As I Lay Dying, |
directed by James Franco
As one of his more than half a dozen films of 2013, actor James Franco wrote the screenplay (with Matt Rager) and directed and starred in an adaptation of William Faulkner's 1930 post-modernist novel As I Lay Dying. Long considered one of the most unfilmable of novels with its 15 narrators (some of them dead) and long stream-of-consciousness passages, Faulkner's book has been one tough nut to crack. Indeed, if you read the critics, many are convinced that despite this movie, it still remains a tough nut, uncracked.
The fact is, though, while it isn't completely successful -- no film version could be -- Franco's work is fascinating; it's a visual and intellectual experience that comes close to capturing the soul of the book on film.
As I Lay Dying tells the story of the Bundren family, who seek to fulfill mother Addie Bundren's last wish by taking her body back to her hometown of Jefferson, Mississippi, for burial. The Bundrens, a poor farming family, are broke, so they have to do the long hauling themselves, including making the coffin, which they then try to transport the 60 miles to Jefferson through some of the most horrible forces they can face: torrential rains that wash out the bridge so they have to traverse a flooding river, a barn fire and so. As they travel, each character has to face his or her own inner demons. The plot is simple but the characters are not.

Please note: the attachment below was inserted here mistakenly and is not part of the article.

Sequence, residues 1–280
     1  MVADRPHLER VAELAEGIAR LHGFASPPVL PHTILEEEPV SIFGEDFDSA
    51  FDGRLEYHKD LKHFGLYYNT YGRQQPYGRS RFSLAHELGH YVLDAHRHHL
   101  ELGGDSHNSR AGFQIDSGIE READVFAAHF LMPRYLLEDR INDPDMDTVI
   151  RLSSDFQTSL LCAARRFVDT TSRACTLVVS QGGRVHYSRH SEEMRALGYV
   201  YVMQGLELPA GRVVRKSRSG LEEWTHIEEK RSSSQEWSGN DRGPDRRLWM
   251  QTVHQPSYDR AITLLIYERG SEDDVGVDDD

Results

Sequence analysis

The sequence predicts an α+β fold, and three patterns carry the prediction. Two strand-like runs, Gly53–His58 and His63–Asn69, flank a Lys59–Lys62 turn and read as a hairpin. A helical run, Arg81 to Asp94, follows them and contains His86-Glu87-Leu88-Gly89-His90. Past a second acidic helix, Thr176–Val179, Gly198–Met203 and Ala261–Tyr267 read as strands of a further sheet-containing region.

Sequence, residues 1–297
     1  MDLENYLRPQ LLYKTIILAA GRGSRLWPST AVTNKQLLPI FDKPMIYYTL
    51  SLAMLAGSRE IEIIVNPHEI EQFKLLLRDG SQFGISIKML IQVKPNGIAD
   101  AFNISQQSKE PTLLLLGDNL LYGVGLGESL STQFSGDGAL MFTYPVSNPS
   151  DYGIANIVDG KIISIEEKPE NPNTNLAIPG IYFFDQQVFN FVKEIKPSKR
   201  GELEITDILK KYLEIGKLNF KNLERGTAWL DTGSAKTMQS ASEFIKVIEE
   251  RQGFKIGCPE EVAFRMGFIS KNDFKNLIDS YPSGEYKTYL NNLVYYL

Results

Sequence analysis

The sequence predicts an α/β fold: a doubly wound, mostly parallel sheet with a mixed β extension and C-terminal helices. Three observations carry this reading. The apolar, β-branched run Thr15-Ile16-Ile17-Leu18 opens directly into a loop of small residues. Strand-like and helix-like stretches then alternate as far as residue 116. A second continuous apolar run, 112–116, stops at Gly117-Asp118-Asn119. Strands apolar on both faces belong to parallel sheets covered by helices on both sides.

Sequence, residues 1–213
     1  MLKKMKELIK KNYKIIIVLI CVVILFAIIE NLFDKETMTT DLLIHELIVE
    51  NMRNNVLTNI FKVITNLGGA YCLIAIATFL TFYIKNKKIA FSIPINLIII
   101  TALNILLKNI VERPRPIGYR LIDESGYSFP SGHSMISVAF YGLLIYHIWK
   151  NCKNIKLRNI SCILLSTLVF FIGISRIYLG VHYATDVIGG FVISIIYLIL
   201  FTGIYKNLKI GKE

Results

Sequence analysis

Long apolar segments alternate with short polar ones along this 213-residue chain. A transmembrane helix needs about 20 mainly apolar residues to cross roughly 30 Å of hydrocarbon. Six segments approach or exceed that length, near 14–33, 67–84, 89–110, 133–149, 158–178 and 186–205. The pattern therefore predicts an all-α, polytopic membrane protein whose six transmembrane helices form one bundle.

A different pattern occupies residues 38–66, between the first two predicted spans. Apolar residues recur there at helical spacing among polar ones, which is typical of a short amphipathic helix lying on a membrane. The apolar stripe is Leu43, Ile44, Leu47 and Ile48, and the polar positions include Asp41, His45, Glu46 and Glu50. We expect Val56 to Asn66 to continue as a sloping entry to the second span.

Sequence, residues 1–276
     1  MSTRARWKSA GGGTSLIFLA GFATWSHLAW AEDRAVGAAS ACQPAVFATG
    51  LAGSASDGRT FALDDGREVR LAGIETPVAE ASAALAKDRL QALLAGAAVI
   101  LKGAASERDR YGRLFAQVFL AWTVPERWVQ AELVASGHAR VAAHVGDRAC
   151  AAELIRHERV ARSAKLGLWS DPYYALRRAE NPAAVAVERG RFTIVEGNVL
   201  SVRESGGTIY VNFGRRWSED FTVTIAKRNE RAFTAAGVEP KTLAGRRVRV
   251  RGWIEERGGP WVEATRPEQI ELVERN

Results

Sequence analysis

Rather than simplify a complicated book for the screen, Franco relies on some reasonably avant-garde techniques, primarily the use of split-screen shots and voiceovers. Some reviewers complained about these techniques, saying they were empty tricks that just served to distance the characters from each other and us. However, the split-screen shots serve the novel by suggesting Faulkner's multiple narrators and by emphasizing the fact that these characters, even though they are a family, are largely distant from one another. Franco tries to preserve Faulkner's use of stream-of-consciousness by having characters reveal their inner thoughts by speaking directly into the camera, like asides and soliloquies in Elizabethan theater.
It helps to know the novel when you're watching the movie, which is as understated, complex and intellectually stimulating as the original novel is. What comes through loud and clear, though, is Franco's love and respect for the source material. With As I Lay Dying, Franco is not trying to do a film version of a book; what he's aiming at is capturing the beauty, the soul, the essence and the darkness -- as well as the difficulty -- of a great American work without either destroying it as previous filmmakers have done with Faulkner's material or trivializing it.
Has he been totally successful? Probably not, although like the book, his might be a movie that continues to open up with repeated viewings. He has, however, made a strong and honest film that remains true to its source material.
Michael Scott Cain
1 February 2014
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